This review originally appeared on Capital New York.
Terrence Malick’s Palme d’Or winning Tree of Life is the story of three young brothers growing up in 1950s Texas, told in flashback from the perspective of one of the grown sons looking back on his childhood from the present day. It is also the story of the beginning of the Universe and the development of our cosmos. It is both.
Liquidy light emerges from the black. Simple-celled undulating creatures appear. Lava flows and burns. Dinosaurs emerge and interact. The boys run across the yard in 1950s Texas. A meteor crashes into the earth from space. The grownup son stares at dizzying skyscrapers. Glaciers cover the earth. Different voices whisper in voiceover. It seems they are talking to God, asking Him questions, but at other times it seems they are talking to one another. Maybe it’s the same thing. Malick puts all of this together into an emotional ongoing collage simple and grandiose at the same time, a meditation on what it means not only to be alive, but to be a part of the flow of time. It’s a bold film, ambitious in its scope, yet you can feel how personal it is in every frame. The experience of watching it verges on the profound. Hell, it is profound. Tree of Life isn’t like anything else.
The story, as it is, is relatively standard, and on the face of it you might mistake it for The Great Santini or any other son-coming-to-terms-with-cold-father film. Sean Penn plays Jack, the grown son, navigating a mirrored world of gleaming skyscrapers, filmed at every conceivable angle to give a sense of their scope and dominance. These images meld into the flashbacks of 1950s Texas, which take up the majority of the film. A father and mother Brad Pitt and Jessica Chastain) raise 3 small boys in a small clapboard house in the kind of neighborhood where boys roam through the woods in their free time, and mothers hang the washing out on the line, barefoot in their house dresses, while father waters the grass. It is a pastoral upbringing, infused with Malick’s nostalgia for lost innocence (one of his themes as a director), and yet there are dark undercurrents. The father is very stern, and sometimes rough with the boys, slapping his big hands on their wee shoulders and necks in what seems to be a loving touch but is actually a clamp keeping them in place. The mother spends much of her time in the side yard, playing with the boys, whirling them around in dizzying spins, and admiring the grass and the butterflies. She is childlike herself. She rarely speaks, but her presence is palpable and complicated.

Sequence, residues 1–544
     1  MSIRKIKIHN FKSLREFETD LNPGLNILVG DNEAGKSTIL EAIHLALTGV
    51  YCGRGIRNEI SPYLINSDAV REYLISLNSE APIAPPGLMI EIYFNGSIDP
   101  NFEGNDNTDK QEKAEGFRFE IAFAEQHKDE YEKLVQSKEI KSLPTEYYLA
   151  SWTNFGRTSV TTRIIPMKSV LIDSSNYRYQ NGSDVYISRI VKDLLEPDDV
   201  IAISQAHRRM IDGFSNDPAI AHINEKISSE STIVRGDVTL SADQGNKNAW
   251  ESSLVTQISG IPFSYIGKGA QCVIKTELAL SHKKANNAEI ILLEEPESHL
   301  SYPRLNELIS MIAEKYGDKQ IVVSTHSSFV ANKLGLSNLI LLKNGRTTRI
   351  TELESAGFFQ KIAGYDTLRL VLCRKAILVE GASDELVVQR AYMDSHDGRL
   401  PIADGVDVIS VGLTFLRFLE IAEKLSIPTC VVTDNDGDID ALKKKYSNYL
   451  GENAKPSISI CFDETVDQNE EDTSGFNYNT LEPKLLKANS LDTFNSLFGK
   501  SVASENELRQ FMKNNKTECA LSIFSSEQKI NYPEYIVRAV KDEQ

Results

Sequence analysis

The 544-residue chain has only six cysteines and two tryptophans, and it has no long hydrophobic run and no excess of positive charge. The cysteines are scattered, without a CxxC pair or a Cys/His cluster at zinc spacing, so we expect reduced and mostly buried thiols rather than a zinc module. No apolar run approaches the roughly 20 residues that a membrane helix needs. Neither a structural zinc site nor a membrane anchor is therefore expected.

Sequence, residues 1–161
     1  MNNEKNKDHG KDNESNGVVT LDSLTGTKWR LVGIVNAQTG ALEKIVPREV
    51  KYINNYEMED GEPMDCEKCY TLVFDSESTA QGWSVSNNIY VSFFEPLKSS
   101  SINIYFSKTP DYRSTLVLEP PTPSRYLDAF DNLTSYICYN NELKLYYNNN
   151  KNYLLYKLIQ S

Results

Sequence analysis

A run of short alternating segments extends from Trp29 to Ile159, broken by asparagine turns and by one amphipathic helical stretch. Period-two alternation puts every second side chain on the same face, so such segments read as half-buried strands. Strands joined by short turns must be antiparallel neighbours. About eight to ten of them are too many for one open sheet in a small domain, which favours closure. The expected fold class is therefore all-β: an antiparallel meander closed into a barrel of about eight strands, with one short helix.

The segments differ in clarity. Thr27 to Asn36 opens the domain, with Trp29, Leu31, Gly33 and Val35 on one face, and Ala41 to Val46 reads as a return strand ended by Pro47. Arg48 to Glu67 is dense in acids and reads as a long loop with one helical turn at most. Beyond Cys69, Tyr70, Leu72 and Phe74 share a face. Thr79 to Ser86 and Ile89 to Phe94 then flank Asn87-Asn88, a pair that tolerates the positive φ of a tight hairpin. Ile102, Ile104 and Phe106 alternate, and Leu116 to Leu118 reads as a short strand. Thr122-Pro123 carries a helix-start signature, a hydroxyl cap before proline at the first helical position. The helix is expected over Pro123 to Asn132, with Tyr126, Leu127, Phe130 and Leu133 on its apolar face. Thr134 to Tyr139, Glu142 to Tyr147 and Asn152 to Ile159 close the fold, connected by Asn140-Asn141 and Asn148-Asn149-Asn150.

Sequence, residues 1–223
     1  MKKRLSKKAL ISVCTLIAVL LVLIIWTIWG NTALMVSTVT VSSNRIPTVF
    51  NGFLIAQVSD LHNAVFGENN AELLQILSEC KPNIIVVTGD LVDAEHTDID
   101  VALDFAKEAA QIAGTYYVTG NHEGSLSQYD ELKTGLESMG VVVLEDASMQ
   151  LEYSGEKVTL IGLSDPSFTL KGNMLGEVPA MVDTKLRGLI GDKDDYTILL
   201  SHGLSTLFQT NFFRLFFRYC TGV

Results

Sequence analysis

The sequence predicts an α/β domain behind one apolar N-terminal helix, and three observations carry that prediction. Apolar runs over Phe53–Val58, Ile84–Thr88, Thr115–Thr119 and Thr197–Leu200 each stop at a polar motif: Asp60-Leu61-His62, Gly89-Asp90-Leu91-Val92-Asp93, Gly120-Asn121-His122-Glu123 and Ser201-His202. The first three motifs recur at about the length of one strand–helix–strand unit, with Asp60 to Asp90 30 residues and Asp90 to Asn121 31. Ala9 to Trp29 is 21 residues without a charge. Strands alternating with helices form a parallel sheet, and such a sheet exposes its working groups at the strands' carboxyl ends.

Tree of Life is not interested in diagnosing the family’s problems, or putting a label on the relationships. It’s not a family therapy session. How could it be when a prosaic moment of weeding the garden is followed by an image of a vast unpeopled prehistoric landscape belching with active volcanoes? When the father is home, the boys sit at the dinner table, hunched over, trying to answer his questions in the right way, but never really understanding what sets him off. We learn, eventually, in the languid time-flow of the film, that the father is disappointed by life. He holds “27 patents” for machines he has invented, but no one will recognize or reward his genius. He is angry at the rich neighbors, they make him feel inadequate. He plays the piano at home, passionately, lost in the music, and tries to teach the boys to hear what he hears in Toscanini, pointing out what they should be listening for. They don’t get it. They’re too afraid of him. He reveals to his son his old dream of being a concert pianist. We put him together in our minds, in the same way the boys do. He is rather frightening, not because he’s violent or abusive. He is frightening because he withholds tenderness. When he goes away on a business trip, mother and sons tear through the house, screaming and laughing, chasing each other, exhilarated that the somber force who rules over them is absent.